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Orkney's new flagship

25 Sep 12 A steel frame was specified for the new grammar school in Kirkwall, one of the largest building projects ever undertaken on the Orkney Islands.

A multi-million pound schools investment programme in the Orkney Islands will eventually see main contractor Morrison Construction deliver a new grammar school and arts centre, a halls of residence, and a swimming pool and squash courts, all in Kirkwall, as well as a new primary school in Stromness.    

With a population of just over 8,000, Kirkwall is the biggest town and capital of Orkney. It is a centre of education and a focus for the local arts scene, both of which will be accommodated within the new Kirkwall Grammar School (KGS), the largest component of the overall programme. 

The new school is under construction on land previously occupied by KGS’s playing fields. Once pupils have decamped into the new buildings, the existing school will be demolished to make room for new outdoor sports facilities. 

According to the architect the new school has been designed to create a distinctive focal point, not just for pupils but also for the local community as a whole. 

To this end the school structure includes, within its overall footprint, the 350 seat Orkney Arts Theatre. This will replace an existing theatre and has been designed as a public performance venue as well as a facility for pupils to use during school hours. For security reasons, the design of the theatre and its surrounding rooms incorporates a ‘locked down’ element to allow any outside users access without compromising the privacy of other areas of the school.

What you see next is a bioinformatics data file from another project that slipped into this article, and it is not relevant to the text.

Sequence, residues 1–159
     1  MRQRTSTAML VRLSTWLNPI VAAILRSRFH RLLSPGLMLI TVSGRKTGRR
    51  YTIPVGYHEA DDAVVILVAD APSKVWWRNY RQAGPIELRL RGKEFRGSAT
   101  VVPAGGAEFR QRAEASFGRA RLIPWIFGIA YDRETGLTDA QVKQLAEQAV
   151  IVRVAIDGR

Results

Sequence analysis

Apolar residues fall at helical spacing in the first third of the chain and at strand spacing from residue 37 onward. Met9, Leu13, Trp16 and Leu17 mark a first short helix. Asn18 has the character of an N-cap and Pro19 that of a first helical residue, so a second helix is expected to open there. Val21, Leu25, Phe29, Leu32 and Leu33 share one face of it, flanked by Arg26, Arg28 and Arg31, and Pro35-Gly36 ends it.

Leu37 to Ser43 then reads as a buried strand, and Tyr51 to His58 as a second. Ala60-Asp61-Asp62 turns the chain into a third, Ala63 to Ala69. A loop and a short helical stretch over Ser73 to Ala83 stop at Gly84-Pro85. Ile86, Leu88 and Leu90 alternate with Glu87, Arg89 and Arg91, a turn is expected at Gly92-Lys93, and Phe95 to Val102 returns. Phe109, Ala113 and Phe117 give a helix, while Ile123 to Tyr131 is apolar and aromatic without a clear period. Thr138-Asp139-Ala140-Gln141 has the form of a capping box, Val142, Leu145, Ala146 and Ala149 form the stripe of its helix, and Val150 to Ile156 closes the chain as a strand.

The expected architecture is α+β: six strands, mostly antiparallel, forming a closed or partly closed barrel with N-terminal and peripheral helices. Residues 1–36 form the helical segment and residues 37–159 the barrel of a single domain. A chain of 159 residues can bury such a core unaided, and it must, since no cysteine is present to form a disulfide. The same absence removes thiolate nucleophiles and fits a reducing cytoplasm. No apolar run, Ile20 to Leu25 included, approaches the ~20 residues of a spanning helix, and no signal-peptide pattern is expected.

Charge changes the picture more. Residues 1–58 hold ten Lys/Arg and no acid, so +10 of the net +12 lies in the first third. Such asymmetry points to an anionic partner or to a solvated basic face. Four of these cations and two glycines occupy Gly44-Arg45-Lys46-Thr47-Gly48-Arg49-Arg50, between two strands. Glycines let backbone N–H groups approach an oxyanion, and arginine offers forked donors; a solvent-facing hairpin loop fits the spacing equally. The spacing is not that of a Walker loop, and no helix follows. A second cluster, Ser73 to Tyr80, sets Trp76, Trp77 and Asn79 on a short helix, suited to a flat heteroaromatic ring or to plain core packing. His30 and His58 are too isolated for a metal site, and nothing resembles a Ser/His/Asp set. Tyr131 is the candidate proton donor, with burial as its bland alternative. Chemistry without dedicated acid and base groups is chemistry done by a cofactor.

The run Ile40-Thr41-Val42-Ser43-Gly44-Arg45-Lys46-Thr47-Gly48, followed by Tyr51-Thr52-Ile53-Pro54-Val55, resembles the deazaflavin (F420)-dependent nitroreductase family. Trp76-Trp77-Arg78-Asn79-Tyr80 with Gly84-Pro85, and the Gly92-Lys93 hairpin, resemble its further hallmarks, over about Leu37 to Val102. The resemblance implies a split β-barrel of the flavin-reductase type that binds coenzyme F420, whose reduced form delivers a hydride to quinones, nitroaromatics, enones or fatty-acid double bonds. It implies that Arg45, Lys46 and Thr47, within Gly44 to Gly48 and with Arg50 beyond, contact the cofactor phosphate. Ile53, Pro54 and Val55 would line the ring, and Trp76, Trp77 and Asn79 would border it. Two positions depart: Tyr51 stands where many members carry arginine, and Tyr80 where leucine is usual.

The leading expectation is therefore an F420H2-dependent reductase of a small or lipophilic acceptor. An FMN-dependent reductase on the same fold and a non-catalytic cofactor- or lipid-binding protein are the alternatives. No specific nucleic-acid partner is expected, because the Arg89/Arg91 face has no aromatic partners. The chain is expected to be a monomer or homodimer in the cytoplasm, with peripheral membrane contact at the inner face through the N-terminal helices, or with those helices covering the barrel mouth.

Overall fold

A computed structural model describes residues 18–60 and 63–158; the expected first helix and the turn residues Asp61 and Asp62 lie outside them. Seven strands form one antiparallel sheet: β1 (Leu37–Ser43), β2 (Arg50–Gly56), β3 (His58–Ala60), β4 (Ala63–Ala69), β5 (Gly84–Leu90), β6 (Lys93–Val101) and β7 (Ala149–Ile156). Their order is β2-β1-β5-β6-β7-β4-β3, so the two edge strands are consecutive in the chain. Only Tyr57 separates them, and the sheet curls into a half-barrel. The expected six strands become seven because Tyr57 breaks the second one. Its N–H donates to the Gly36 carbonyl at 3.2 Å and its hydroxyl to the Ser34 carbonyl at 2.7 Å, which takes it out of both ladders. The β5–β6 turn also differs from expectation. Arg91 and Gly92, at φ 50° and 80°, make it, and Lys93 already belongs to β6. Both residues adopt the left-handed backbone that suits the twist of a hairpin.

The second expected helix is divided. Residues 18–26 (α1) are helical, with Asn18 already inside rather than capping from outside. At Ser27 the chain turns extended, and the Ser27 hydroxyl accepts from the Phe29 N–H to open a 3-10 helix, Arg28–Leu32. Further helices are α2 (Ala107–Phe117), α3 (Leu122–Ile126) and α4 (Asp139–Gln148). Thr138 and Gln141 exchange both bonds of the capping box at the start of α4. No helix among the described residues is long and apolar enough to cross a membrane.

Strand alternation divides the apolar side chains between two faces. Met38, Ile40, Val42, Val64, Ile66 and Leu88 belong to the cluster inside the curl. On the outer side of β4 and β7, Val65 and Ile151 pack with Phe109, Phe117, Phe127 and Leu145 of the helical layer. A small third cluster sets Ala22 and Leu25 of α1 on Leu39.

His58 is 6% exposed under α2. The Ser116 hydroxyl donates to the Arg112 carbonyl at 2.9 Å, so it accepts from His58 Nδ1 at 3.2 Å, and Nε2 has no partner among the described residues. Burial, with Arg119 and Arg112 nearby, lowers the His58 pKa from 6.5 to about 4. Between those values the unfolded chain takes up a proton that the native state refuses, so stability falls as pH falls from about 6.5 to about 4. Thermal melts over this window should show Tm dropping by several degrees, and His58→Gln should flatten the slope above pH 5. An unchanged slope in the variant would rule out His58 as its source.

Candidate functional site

The new KGS comprises one large building consisting of three teaching wings connected by an interlinking curved ‘street’ - which also accommodates social and dining spaces - with the oval shaped Arts Theatre located at the head.

Providing 15,000m2 of floor space, the building is large and one of the biggest structures in Kirkwall. It has a curving and irregular shape and so the structural design has incorporated movement joints placed at strategic points to break up the mass of the building. There are five in total, one each where the wings join the main block, one running straight through the middle of the main block, and finally one isolating the theatre.

Designed as a pin jointed steel frame, cross bracing, located in partition walls, cores and risers, provides all of the structural stability.

“Much of the steelwork is quite complex with a lot of curved members in the theatre,” explains David Custer, Morrison Construction design manager.

Steelwork contractor BHC started on site last November and by arranging the job into six phases, it was able to work its way down the structure in a sequential manner, allowing  follow-on trades to get started on areas where the steelwork and metal decking had been completed.

The erection sequence began with the sports hall and BHC then worked its way down the structure completing the three wings and the main teaching block and atrium, before finishing off with the theatre.